09/09/2004, 00.00
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NGOs in Iraq: staying put to rebuild country and coexistence

by Bernardo Cervellera

Rome – Baghdad (AsiaNews) – One is Italian and Christian; the other is Muslim and Iraqi, but for Arturo Alberti, president of AVSI (Association of Volunteers in International Service), an Italian-based NGO operating in Iraq since 1991, and Wahid Atrushi, director of a mixed Christian-Muslim school in Iraq's Kurdish region, those who abducted Simona Torretta and Simona Pari, two Italian women humanitarian workers, are bent on the destruction of Iraq, its development and Muslim-Christian coexistence. In a phone interview with AsiaNews both think the kidnappers plan the country's ruin.

Profoundly saddened by the turn of events, Mr Wahid said: "These abductions are the fruit of what Saddam sowed for 35 years. He was the first to preach hatred against foreigners calling them enemies of Iraq. The Sunni community with its Ba'athist base of support, so closely aligned to him, is still unwilling to deal with the outside world. What do they want? All they do is destroy, kill, seize . . . The foreigners who came with the NGOs are here to help us rebuild the country. If things go on as they are, rebuilding will become even harder. I guess that is what they want: destruction. An Iraq that is not free".

Mr Wahid has been working for French NGO Mission Enfance and with many others for at least 10 years. "After the first Gulf war," he said, "I worked for foreign NGOs. Relations between us and the foreigners were always good. Together, we built 50 schools, brought water to 60 villages, opened another 50 health clinics. My French, British, American and Japanese friends call on me at home and we treat them like brothers. Instead, Sunni Ba'athists are close-minded. To them foreigners have no God and must be eliminated. Still, we must keep building a democratic Iraq, otherwise we have no future."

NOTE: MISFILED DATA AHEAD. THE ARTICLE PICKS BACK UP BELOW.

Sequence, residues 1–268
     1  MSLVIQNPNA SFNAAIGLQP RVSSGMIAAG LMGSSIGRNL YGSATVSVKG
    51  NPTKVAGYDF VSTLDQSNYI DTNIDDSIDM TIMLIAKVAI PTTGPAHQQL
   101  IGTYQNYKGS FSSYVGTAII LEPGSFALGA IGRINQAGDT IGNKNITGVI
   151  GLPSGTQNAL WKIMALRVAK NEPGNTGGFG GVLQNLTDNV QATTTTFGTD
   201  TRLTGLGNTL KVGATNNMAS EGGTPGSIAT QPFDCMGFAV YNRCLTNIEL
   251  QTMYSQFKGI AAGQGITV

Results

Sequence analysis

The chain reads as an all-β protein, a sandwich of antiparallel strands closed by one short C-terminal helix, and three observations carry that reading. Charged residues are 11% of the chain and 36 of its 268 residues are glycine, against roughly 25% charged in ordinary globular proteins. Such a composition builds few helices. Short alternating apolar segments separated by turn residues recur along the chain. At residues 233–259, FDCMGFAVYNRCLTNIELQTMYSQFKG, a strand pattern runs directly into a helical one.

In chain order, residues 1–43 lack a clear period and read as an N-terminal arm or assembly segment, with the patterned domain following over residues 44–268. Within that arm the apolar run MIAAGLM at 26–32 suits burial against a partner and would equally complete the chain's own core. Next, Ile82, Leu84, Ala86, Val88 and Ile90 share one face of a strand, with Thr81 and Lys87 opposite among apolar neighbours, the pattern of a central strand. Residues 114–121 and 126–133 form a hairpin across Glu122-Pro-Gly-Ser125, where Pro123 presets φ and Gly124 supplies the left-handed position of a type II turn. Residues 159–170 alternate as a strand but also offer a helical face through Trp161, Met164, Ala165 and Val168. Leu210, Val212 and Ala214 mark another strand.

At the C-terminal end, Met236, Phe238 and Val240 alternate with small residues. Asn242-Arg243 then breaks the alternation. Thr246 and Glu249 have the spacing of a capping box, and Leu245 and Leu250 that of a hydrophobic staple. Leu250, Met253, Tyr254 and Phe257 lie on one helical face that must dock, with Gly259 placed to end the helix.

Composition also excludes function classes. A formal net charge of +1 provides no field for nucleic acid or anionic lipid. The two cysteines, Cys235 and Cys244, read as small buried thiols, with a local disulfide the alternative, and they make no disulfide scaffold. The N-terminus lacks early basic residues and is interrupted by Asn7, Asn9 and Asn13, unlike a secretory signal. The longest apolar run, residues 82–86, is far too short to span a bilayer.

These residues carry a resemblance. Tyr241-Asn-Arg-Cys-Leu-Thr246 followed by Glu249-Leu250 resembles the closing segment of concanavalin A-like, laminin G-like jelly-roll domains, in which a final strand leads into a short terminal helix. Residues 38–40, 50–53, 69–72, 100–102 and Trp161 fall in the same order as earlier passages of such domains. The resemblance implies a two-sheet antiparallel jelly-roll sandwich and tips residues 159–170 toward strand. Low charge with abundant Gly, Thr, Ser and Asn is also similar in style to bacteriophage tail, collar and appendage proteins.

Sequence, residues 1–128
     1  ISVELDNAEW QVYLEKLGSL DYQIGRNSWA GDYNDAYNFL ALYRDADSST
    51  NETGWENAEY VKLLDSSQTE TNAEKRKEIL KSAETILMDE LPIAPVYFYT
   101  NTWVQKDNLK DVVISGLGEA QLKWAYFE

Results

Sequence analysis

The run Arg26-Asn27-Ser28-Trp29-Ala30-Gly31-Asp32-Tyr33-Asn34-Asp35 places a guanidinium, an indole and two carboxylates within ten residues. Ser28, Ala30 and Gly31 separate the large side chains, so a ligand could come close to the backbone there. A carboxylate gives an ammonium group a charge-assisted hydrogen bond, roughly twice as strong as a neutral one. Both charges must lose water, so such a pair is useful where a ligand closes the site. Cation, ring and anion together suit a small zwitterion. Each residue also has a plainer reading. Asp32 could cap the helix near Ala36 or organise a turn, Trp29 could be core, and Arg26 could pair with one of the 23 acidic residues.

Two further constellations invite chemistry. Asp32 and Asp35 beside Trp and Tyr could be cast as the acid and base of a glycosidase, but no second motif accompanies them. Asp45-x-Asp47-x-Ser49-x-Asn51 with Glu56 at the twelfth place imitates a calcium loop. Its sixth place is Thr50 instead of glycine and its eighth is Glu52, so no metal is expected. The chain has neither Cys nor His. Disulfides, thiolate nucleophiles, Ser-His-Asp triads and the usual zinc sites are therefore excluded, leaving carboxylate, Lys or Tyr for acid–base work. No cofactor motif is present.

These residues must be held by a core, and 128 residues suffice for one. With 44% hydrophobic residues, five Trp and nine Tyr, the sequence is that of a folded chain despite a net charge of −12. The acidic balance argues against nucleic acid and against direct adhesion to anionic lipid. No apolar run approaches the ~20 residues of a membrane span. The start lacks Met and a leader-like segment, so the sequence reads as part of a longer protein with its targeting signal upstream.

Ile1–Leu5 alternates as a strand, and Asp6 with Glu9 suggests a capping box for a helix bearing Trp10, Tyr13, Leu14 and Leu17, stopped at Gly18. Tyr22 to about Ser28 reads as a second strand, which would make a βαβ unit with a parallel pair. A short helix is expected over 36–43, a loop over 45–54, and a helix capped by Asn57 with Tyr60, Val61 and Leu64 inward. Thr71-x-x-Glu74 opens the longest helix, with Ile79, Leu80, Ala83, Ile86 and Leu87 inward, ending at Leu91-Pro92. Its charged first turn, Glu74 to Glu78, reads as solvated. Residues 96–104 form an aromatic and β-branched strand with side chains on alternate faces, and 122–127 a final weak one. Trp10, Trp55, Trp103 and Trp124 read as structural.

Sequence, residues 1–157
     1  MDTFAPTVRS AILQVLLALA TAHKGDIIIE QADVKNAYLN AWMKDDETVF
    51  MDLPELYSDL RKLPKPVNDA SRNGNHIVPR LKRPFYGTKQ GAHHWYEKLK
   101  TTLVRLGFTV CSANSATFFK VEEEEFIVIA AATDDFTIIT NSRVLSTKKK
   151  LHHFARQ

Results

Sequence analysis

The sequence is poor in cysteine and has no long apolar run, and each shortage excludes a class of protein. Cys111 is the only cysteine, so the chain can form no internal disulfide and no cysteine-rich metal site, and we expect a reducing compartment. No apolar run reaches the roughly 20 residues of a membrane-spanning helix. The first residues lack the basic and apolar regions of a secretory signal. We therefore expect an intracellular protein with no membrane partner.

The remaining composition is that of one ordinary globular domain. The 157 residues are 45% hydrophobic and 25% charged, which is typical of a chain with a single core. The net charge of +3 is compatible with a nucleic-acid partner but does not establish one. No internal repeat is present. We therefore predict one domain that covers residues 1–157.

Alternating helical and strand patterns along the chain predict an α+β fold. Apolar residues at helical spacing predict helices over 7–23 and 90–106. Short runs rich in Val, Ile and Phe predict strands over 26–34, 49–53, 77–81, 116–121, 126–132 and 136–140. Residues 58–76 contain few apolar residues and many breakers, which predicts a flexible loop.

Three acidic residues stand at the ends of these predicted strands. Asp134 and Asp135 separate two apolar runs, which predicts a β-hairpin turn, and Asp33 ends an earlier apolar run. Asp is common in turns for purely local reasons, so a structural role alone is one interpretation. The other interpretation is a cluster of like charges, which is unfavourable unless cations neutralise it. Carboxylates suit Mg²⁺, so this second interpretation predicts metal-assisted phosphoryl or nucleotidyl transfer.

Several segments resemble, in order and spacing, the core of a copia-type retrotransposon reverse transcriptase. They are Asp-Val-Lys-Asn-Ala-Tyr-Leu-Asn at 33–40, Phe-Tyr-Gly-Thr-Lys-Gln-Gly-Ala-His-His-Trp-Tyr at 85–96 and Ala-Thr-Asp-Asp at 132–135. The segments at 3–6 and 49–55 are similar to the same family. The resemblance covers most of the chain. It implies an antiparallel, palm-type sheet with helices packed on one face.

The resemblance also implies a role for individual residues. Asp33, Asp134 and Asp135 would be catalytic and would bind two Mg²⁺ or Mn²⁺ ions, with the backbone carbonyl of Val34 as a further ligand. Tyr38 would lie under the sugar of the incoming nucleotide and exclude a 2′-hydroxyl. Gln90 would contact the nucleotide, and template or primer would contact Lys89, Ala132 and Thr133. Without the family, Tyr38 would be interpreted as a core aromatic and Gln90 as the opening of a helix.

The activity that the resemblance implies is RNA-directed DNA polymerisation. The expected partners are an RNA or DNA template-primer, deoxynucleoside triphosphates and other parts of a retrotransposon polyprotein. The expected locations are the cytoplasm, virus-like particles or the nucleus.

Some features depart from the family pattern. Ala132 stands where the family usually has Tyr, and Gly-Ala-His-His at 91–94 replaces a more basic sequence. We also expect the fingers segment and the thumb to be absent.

Frenchman Jean Dominique Bunel, NGOs coordinator in Baghdad, warned yesterday that NGOs are prepared to leave "because the security situation does not permit to stay in Iraq". But Arturo Alberti remains cautious. "I understand why people would want to leave. It takes people who are highly idealistic, motivated and willing to make great sacrifices to stay. And not everyone is able to do it."

Stakes are very high for Alberti. "Abducting Simona Torretta and Simona Pari from 'A bridge for Baghdad' represents a qualitative shift in the strategy of those behind the violence," he said. Everyone now knows that one's function cannot protect you anymore. The two women were clearly known as humanitarian workers; that they were peace activists was no secret. Their abduction in a climate of senseless violence is likely to push everyone except the military out of Iraq."

Mr Alberti is also concerned that the violence is likely to reduce the number of Christians in Iraq. "Unfortunately, we have the impression that there is a concerted Islamic plan against the presence of Christians in the Middle East," he said. "Beside well-publicised crimes like the kidnapping of the two women, there are small scale crimes, largely unreported, which affect local Christians. Christian children and mothers are taken for ransoms that can reach US,000. The net effect is that Christians leave, often for far away places.

AVSI has already inaugurated eight new schools in the last year and plans to open 20 new schools and childcare centres. "Schools," said Mr Alberti, "can help Christians stay rooted in the land and not flee. In helping Christians we help others develop and be free, too." He stressed that "it is not a question of defending an enclave, but rather of guaranteeing everyone's freedom by ensuring the freedom of the Church. It is in school that children learn to coexist. Furthermore, our goal is not only promoting education but also enhancing a person's human dignity. The Madrid bombers told the world loud and clear that they loved death more than life. We are telling the children of Baghdad that life is God's gift and as such must be tended and nourished. Whatever one's ideological or partisan motives, no one has the right to take it. And someone who loves life will be stronger and more likely to help develop his country."

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